“Terminator: Dark Fate” review: No fate but what we make. Over. And over. And over again.

The Terminator was a predictive post-apocalyptic movie made just for me back in 1984.  Terminator 2: Judgement Day arrived eight years later — an eternity by today’s sequel-itis standards — and did the impossible: it maintained the heart of the original, yet surpassed it in every way. A time travel story that honored its roots, but found inventive ways to give us an origin story for John Connor, believably turn his meek mother into a venerable super-soldier, and give us more Arnold. Arguably, T2 offers up an Arnold who may actually have some acting chops beyond the mostly mute characters he had played in the first Terminator and Conan the Barbarian

A little history: Following T2, creator James Cameron and Schwarzenegger both famously said “T3 without me.” Well, without them until 2003 when the former body-buildier returned to the role, launching 16 years of painful Terminator sequels, reboots and re-imaginings, culminating with Cameron’s return as story-writer and producer on this new picture. Cameron and the other creatives involved have billed Terminator: Dark Fate as a direct sequel to T2 …   essentially a new Terminator 3. Out with the old. In with the new. Hollywood, am I right?

Dark Fate begins by bringing us up to date with Sarah. I don’t want to spoil anything, so let me just say that in the first five minutes of the movie — which takes place only a few years after T2 — we are led to believe that all will be different. Judgement Day has been avoided, and a big thing happens. Whoa … now I was thinking, “Oh cool. We’re gonna get a new Terminator Story.”

Then flash forward to present day, and we see a few people (Terminators?) drop from the sky out of the iconic electric blue spheres. Who’s good and who’s bad? Misdirections abound, until we meet our new future savior, Dani (Natalia Reyes,) who quickly becomes the protectorate of an older, angrier and grizzled Sarah (Linda Hamilton reprising), and an enhanced human super soldier from the future named Grace, played by a truly electrifying Mackenzie Davis. Gabriel Luna rounds out the cast as the new baddie Rev-9 Terminator. 

And Schwarzenegger is back —  he is a true high point — playing Carl, a grizzled old Terminator model 101 who has grown a conscience in the last 25 years while becoming a family man.  For me the big surprise was Arnold’s shockingly nuanced acting. I am not kidding here — this guy has become a real true, blue actor.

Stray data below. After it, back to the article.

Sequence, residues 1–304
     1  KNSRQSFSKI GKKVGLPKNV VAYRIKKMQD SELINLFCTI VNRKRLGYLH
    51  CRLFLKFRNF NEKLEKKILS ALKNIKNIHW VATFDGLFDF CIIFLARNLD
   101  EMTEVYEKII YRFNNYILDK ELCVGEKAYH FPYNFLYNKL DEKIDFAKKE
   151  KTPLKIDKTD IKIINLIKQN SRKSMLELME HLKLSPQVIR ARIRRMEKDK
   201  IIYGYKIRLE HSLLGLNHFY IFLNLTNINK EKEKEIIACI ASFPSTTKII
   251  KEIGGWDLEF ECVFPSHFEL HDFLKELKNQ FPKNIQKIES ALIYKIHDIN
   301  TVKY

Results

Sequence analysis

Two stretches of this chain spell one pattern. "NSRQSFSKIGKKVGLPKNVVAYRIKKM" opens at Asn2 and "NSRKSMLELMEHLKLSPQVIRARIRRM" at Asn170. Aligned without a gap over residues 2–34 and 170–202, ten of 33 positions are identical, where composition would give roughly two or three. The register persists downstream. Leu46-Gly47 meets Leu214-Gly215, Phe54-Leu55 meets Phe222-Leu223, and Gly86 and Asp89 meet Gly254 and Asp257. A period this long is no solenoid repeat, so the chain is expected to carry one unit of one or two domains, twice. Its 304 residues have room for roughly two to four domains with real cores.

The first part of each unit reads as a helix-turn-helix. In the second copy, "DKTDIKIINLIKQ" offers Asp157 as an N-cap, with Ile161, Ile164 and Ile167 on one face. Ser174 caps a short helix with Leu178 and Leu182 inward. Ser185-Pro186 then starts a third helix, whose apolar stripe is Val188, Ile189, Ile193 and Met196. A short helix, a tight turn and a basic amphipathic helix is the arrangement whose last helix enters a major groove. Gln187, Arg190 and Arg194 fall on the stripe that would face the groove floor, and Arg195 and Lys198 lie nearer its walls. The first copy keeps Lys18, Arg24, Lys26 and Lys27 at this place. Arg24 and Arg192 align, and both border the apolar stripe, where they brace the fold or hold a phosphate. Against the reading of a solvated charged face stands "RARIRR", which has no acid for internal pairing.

I spend time telling you about the characters and actors because they are all great. Believable, nuanced, strong, and I liked them all. I’d love to see Arnold and crew in a family drama.

In addition to this really great cast, Dark Fate opens with some impressive action sequences (including a fun highway chase which was both fresh, and an excellent callback to the T1000 chasing John and T101 from T2.) The picture maintains inventive fight choreography and action set pieces throughout. It really is fun to watch. 

But alas, the lesson Hollywood never learns: without a good story, no one cares. You might as well watch Terminator 2: Judgement Day. They are literally the same movie. Rev-9 chases them for the better part of it’s 2 hour and 8 minute runtime, and he plays all the same tricks as Robert Patrick’s super inventive T1000 did 28 years ago. Oh yeah … he can split in two. That’s the neat new super power. This is Scorsese’s amusement park ride. 

The story also gets overly bogged down in future history. We spend all too much of the runtime with unnecessary, or redundant, explanations of why things are the way they are. We see flashbacks (flash-forwards?) of experiences Grace has gone through, and none of these reveal much of anything. Director Tim Miller fails to understand that the here and now with our cast is far more interesting and the unnecessary backstory just slows things down.

Even when it tries really hard, this film fails. Dark Fate builds on a theme already done better in the earlier films: Girl Power. This updated T2 , adds a touch of commentary of immigration, and jams down your throat how woke the movie is to the strength of women. The women are strong. They are great. I didn’t need the film to overtly tell me. Just let them kick ass.

In the end, Dark Fate is a little bit of fun, but not enough to justify its existence. Unless you are a completist or in love with MacKenzie Davis, go watch Terminator 2: Judgment Day and ignore this retread. Nothing to see here folks. Move right along.

I give Terminator: Dark Fate 5.25 bottle rockets out of 10 rocket fired grenades.

Other Thoughts:

I have been wondering about this idea of selling “girl-powered” action movies to young boys. So I asked my 13 year-old nephew, with whom I saw the film:

ME:  “Ben, does it matter that the main characters were women?” 

BEN: “What do you mean?”

ME: “You know … the main people fighting, the heroes were all women.”

BEN: “No. I loved the movie.”

‘Nuff said.

 

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